Aiming at the global energy optimization of aircraft, the More Electric Aircraft (MEA) concept becomes more interesting for the aeronautical industry. The MEA concept is based on utilizing electric power to drive aircraft subsystems that historically have been driven by a combination of hydraulic, electric, pneumatic and mechanical power transfer systems. The development of the future MEA systems is a challenging task: the system integration is becoming a central topic. In all phases of the system development process, the respective subsystems within the MEA will be treated in a highly integrated manner to achieve optimum efficiency and performance at aircraft and systems level. Concerning the electric network in the future MEA, advanced design and analysis methods based on mathematical models are required to face the potential issues accompanying the MEA. For this purpose, the use of advanced modelling and simulation technologies is a key success factor.
Technical Paper

Advanced Temperature Control in Aircraft Cabins - A Digital Prototype

2017-09-19
2017-01-2161
For thermal cabin control of commercial aircraft, the cabin is usually divided into a small number of temperature zones. Each zone features its own air supply pipe. The necessary installation space for ducting increases significantly with the number of zones. This requires the number of temperature zones to be low. Factors such as seating layout, galley placement and passenger density result in deviations in heat flux throughout the cabin. These deviations cannot be compensated by the control system, if they occur within the same temperature zone. This work presents a novel temperature regulation concept based on local mixing. In this concept, two main ducts span the complete cabin length, and provide moderately warm and cold air. At each temperature zone, cabin supply air is locally mixed using butterfly valves. In this way, the number of temperature zones can be individually scaled up without any additional ducting, only requiring additional valves for each temperature zone.
Technical Paper

Structural Concept of an Adaptive Shock Control Bump Spoiler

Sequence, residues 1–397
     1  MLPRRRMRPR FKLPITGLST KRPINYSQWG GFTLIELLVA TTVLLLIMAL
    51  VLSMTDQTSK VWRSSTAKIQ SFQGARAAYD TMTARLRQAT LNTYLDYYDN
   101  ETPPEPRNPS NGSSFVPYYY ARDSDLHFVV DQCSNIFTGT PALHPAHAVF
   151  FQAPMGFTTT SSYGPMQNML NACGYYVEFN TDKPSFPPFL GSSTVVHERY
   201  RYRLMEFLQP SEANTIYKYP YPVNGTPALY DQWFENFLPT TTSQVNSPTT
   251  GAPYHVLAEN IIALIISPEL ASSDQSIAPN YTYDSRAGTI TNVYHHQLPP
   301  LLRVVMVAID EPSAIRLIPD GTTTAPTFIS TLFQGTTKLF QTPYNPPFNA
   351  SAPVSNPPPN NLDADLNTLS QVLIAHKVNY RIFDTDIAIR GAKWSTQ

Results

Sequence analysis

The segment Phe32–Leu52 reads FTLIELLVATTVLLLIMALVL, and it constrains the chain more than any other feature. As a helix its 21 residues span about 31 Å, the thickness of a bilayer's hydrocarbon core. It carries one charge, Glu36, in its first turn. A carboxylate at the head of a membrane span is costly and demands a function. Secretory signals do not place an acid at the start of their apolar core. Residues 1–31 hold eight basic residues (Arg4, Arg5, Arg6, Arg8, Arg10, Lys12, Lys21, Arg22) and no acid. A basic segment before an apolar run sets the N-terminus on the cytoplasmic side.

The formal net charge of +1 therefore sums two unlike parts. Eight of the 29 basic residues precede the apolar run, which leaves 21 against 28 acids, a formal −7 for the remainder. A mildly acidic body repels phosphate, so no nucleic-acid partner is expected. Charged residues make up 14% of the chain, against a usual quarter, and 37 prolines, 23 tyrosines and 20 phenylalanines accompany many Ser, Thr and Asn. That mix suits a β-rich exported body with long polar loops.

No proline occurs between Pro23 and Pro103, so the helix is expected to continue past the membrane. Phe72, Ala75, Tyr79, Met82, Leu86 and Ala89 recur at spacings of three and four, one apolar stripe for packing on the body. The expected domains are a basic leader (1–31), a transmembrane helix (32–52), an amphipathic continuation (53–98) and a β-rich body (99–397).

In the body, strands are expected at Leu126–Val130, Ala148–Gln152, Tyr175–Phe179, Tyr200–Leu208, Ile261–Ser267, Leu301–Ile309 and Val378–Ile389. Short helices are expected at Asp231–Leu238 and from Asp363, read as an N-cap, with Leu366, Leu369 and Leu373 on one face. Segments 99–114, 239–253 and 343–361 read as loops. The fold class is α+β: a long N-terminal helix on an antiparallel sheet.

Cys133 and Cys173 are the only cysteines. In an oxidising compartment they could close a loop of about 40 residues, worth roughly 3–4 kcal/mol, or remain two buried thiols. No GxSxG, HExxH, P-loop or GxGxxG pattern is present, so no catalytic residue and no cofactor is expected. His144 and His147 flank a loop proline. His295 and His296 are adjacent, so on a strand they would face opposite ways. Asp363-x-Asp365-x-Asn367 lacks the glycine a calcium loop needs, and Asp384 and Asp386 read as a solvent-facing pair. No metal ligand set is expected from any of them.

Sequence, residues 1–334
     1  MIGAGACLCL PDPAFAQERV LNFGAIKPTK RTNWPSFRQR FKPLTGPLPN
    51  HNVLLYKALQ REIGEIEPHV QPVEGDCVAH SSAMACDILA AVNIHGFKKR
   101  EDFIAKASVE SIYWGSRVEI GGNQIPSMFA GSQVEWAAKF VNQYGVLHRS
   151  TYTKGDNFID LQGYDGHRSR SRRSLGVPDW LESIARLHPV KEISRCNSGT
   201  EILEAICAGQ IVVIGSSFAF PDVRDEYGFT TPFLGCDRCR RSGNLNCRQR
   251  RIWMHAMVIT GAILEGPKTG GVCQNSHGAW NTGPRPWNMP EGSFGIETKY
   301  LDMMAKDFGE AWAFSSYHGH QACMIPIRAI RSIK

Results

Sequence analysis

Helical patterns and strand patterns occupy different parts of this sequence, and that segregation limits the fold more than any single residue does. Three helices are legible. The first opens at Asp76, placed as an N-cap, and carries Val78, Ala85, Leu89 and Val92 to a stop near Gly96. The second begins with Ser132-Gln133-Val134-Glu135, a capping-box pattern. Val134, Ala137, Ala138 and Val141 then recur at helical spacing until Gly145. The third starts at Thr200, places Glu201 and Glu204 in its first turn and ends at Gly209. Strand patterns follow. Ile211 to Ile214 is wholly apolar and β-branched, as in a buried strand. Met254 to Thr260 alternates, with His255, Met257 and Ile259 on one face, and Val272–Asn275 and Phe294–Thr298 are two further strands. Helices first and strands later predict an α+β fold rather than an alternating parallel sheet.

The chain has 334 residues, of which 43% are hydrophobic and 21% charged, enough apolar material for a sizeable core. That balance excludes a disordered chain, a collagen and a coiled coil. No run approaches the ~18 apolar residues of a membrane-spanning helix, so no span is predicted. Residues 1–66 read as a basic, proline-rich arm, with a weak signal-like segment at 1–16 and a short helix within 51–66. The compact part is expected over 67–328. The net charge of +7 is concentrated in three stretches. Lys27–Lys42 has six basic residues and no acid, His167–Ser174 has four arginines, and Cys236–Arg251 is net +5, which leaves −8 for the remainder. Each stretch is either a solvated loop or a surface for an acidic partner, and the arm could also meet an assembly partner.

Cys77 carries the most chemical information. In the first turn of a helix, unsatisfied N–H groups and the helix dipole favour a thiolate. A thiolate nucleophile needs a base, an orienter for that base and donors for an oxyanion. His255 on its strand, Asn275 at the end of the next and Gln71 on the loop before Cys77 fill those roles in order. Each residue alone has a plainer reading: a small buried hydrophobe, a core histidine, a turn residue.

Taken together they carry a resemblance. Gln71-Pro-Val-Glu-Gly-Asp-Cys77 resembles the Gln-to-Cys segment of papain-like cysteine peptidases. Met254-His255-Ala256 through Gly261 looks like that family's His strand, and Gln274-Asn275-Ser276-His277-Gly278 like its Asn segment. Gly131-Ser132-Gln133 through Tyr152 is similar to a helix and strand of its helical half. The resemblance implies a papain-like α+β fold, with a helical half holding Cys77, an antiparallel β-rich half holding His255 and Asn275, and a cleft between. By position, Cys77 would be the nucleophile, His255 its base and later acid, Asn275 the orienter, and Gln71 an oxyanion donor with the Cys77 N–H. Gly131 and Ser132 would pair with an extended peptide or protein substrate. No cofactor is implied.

2017-09-19
2017-01-2164
Drag reduction technologies in aircraft design are the key enabler for reducing emissions and for sustainable growth of commercial aviation. Laminar wing technologies promise a significant benefit by drag reduction and are therefore under investigation in various European projects. However, of the established moveable concepts and high-lift systems, thus far most do not cope with the requirements for natural laminar flow wings. To this aim new leading edge high-lift systems have been the focus of research activities in the last five years. Such leading edge devices investigated in projects include a laminar flow-compatible Kruger flap [1] and the Droop Nose concept [2, 3] and these can be considered as alternatives to the conventional slat. Hybrid laminar flow concepts are also under investigation at several research institutes in Europe [4].
Technical Paper

Exploitation Strategies of Cabin and Galley Thermal Dynamics

2017-09-19
2017-01-2037
The thermal inertia of aircraft cabins and galleys is significant for commercial aircraft. The aircraft cabin is controlled by the Environment Control System (ECS) to reach, among other targets, a prescribed temperature. By allowing a temperature band of ± 2 K instead of a fixed temperature, it is possible to use this thermal dynamic of the cabin as energy storage. This storage can then be used to reduce electrical peak power, increase efficiency of the ECS, reduce thermal cooling peak power, or reduce engine offtake if it is costly or not sufficiently available. In the same way, also the aircraft galleys can be exploited. Since ECS and galleys are among the largest consumers of electrical power or bleed air, there is a large potential on improving energy efficiency or reducing system mass to reduce fuel consumption of aircraft. This paper investigates different exploitation strategies of cabin and galley dynamics using modelling and simulation.
Journal Article

Assessing Environmental Benefits of Electric Aircraft Taxiing through Object-Oriented Simulation

2012-10-22
2012-01-2218
A number of promising technologies to perform ground movements without main engines are currently being researched. Notably, onboard ground propulsion systems have been proposed featuring electric motors in the landing gear. While such on-board systems will help save fuel and avoid emissions while on ground, they add significant weight to the aircraft, which has an impact on the performances in flight. A tool to assess the global benefits in terms of fuel consumption and emissions is presented in this work. A concept of an aircraft-integrated ground propulsion system is firstly considered and its performances and weights are determined, assuming the Auxiliary Power Unit or a zero-emission device like a fuel-cell as power source for the system. Afterwards, a model of the propulsion system integrated into an object-oriented, mid-sized aircraft model is generated, capable of precisely simulating a whole aircraft mission.